Specific immunological responses have been shown to vary in response to differing levels of LPS in the airway, which can be generally classified according to two immunological mechanisms: Th2 and Th17 immune responses (Fig. 2). It has been well established that low doses of inhaled LPS induce a Th2 cell response. Furthermore, when a combination of a low dose of LPS and allergens enters the airway through inhalation, only LPS is absorbed into airway epithelial cells and immune cells, such as macrophages, natural killer T (NKT) cells, and dendritic cells (DCs). Airway epithelial cells activated by a low dose of LPS induce the secretion of pro-inflammatory mediators, such as thymic stromal lymphopoietin (TSLP). TSLPs derived from epithelial cells both function in DC activation and enable DCs to polarize naïve T cells, leading to the production of proallergic Th2 cytokines such as IL-5 and IL-1344. Furthermore, this immunological pathway leads to the production of (TNF-α) in surrounding cells in response to macrophages and NKT cells activated by TSLP or low levels of LPS. TNF-α released by the surrounding immature dendritic cells then induces the increased expression of costimulatory molecules and IL-4 in dendritic cells18. These mature dendritic cells then migrate to the draining lymph nodes (DLN) and induce T cell proliferation and differentiation into Th2 cells through the production of IL-4, activating the signal transducer and activator of transcription 6 (STAT6) signaling pathway45. Through the STAT6 pathway, chronic inflammatory signaling is initiated as Th2 cells are induced to release IL-5 and IL-13, which are pro-inflammatory cytokines associated with the development of eosinophilic asthma and eosinophilic bronchitis.

Fig. 2: Low level-lipopolysaccharide (LPS) in the airway is absorbed into airway epithelial cells and immune cells, such as macrophages, natural killer T (NKT) cells, and dendritic cells (DCs).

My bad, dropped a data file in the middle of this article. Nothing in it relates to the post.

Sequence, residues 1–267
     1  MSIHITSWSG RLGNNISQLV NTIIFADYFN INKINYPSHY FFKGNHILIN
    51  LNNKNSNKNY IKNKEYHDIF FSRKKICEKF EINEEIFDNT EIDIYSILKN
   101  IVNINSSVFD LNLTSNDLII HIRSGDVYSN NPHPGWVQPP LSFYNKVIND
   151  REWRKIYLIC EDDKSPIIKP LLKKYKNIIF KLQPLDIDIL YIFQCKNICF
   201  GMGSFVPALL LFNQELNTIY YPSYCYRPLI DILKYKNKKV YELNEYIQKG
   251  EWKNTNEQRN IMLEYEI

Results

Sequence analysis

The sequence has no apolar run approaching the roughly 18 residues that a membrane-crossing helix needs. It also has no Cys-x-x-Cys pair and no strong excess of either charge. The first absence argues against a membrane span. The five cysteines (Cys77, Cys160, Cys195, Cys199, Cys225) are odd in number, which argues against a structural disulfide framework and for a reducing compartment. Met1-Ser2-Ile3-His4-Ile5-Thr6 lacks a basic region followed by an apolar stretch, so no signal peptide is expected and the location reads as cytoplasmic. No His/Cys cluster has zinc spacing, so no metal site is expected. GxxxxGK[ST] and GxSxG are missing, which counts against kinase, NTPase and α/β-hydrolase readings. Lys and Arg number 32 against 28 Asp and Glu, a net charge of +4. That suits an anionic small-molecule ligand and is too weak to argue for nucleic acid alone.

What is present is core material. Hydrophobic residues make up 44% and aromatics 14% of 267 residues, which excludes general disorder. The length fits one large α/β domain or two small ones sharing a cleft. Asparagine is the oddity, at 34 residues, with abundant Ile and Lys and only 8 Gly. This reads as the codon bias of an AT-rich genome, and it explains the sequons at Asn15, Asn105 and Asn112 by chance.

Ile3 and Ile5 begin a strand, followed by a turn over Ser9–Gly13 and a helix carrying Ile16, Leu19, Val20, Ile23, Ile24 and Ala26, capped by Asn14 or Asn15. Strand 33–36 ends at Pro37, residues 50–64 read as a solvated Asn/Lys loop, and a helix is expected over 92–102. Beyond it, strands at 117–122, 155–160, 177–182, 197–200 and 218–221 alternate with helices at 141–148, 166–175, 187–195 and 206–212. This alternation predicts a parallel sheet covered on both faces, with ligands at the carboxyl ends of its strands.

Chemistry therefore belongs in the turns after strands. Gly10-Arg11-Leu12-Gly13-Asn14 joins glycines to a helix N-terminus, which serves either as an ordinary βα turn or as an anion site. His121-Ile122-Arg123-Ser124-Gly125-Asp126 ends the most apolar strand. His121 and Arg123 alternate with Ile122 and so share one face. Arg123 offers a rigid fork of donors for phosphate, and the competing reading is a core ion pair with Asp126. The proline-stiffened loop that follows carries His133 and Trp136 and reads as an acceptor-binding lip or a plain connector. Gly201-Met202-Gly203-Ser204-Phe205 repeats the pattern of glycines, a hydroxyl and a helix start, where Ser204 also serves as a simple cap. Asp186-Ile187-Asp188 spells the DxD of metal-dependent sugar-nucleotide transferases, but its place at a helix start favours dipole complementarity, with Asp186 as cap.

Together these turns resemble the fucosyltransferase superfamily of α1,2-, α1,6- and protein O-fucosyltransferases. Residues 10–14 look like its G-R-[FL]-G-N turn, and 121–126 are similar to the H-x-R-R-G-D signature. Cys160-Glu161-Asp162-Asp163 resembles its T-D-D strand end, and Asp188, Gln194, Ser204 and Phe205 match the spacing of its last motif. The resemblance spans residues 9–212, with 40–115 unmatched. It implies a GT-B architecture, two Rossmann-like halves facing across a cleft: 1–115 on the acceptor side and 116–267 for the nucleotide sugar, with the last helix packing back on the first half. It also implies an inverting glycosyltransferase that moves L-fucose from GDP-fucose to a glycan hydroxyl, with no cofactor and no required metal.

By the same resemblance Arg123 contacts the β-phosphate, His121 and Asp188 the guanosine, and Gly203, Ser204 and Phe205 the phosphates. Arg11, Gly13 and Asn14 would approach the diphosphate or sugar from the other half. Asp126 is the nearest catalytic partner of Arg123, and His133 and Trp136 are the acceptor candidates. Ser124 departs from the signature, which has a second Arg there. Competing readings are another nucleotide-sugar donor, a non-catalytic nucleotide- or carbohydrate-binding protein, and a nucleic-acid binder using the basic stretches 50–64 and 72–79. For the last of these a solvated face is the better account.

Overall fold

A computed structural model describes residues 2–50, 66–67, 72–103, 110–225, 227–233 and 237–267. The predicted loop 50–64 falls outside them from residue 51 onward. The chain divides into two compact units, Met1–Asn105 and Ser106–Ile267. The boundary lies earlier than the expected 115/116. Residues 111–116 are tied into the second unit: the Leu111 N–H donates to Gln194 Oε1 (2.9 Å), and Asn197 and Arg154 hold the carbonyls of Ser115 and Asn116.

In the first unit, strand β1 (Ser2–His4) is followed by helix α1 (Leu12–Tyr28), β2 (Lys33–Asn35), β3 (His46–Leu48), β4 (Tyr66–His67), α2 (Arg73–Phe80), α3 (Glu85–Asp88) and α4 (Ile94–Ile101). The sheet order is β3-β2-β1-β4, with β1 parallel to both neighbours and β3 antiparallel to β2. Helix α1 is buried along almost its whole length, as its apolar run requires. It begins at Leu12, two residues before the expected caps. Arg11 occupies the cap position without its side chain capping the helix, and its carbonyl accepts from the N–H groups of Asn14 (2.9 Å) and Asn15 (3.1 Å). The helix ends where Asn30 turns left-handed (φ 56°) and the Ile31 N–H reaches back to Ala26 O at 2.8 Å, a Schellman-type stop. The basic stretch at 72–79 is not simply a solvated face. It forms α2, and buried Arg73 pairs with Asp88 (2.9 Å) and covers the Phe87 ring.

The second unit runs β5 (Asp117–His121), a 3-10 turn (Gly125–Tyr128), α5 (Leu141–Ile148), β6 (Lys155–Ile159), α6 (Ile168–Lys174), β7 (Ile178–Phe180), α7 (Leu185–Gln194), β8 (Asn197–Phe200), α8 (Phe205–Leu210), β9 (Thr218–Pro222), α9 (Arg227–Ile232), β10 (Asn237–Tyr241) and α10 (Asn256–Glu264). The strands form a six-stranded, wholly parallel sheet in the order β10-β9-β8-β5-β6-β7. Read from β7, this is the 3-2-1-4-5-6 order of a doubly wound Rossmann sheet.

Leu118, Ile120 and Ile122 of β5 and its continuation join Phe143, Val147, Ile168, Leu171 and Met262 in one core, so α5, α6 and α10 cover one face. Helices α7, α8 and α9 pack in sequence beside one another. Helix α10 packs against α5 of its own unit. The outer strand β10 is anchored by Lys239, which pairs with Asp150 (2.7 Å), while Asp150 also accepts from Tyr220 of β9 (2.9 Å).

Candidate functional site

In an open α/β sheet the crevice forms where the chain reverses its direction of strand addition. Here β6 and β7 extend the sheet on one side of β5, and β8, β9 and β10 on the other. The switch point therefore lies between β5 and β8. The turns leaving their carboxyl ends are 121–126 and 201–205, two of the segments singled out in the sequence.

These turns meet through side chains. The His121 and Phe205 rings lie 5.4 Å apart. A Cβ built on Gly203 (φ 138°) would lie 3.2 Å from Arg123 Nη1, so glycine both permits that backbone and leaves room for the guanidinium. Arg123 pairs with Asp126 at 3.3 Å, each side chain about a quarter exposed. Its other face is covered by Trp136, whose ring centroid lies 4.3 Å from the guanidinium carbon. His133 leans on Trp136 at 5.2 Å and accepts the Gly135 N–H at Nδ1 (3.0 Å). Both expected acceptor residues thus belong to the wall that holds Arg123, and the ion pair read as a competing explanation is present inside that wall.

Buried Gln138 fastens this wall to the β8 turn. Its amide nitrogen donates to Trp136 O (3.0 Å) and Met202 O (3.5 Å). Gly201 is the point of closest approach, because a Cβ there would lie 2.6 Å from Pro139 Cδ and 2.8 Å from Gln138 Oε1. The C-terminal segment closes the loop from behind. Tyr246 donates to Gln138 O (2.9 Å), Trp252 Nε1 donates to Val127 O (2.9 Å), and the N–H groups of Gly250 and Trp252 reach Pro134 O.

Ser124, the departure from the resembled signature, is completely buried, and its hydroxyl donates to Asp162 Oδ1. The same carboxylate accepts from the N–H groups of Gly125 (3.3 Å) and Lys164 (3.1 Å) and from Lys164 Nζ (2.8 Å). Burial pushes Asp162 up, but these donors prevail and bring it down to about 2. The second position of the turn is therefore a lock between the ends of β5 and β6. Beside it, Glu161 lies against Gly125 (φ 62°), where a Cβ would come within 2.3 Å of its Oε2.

figure 2

Exposure to low levels of LPS in the airway is associated with Th2 immune response and Th2 cytokines, such as IL-5 and IL-13, which contribute to the development of asthma. High levels of LPS in the airway induce vascular endothelial growth factor (VEGF). High levels of LPS is related with Th17 immune response and increased Th17 cytokines, such as IL-17, that contributes to the development of asthma, COPD, and lung cancer.

Conversely, exposure to high levels of inhaled LPS is primarily associated with the Th17 cell response. High-dose LPS exposure induces vascular endothelial growth factor (VEGF) release from surrounding cells, including airway epithelial cells, macrophages, and NKT cells46. VEGF is produced during the LPS-induced innate response and acts as a potent mediator of vascular remodeling and angiogenesis in the lungs47. VEGF induces DC maturation and expression of costimulatory molecules via the vascular endothelial growth factor receptor 1 (VEGFR1)-dependent pathway. Through this pathway, IL-6-expressing DCs are then upregulated, and mature DCs are transferred to the DLN. Upon T cell proliferation, the excess T cells differentiate into Th17 cells via the IL-6 and STAT3 signaling pathways. Through the immunological response to high levels of airborne LPS, Th17 cells are induced to secrete IL-17, contributing to the development of serious pulmonary diseases such as neutrophilic asthma, COPD, and lung cancer18,46,47.

Bacterial EVs are a key etiological agent of chronic pulmonary inflammatory diseases

Bacterial EVs are vesicles encased in a lipid bilayer containing transmembrane proteins, cytosolic proteins, LPS, and nucleic acids that range from 20 to 100 nm in diameter. EVs are ubiquitous in all bacteria and are commonly referred to as outer membrane vesicles (OMVs) in Gram-negative bacteria and membrane vesicles (MV) in Gram-positive bacteria32,33. After oral administration of bacteria-derived EVs, the EVs are absorbed through the intestinal barriers and transported to various organ systems, including the liver, adipose tissue and skeletal muscle48. As the EV membrane is embedded with surface ligands that interact with receptors on target cells, EVs can attach to and modify the physiological state of recipient cells49,50. Furthermore, bacterial EVs have recently been shown to be involved in the development of a wide variety of diseases, including cancer, diabetes, atopic dermatitis, and meningitis.

Association between EVs and pulmonary diseases based on epidemiological studies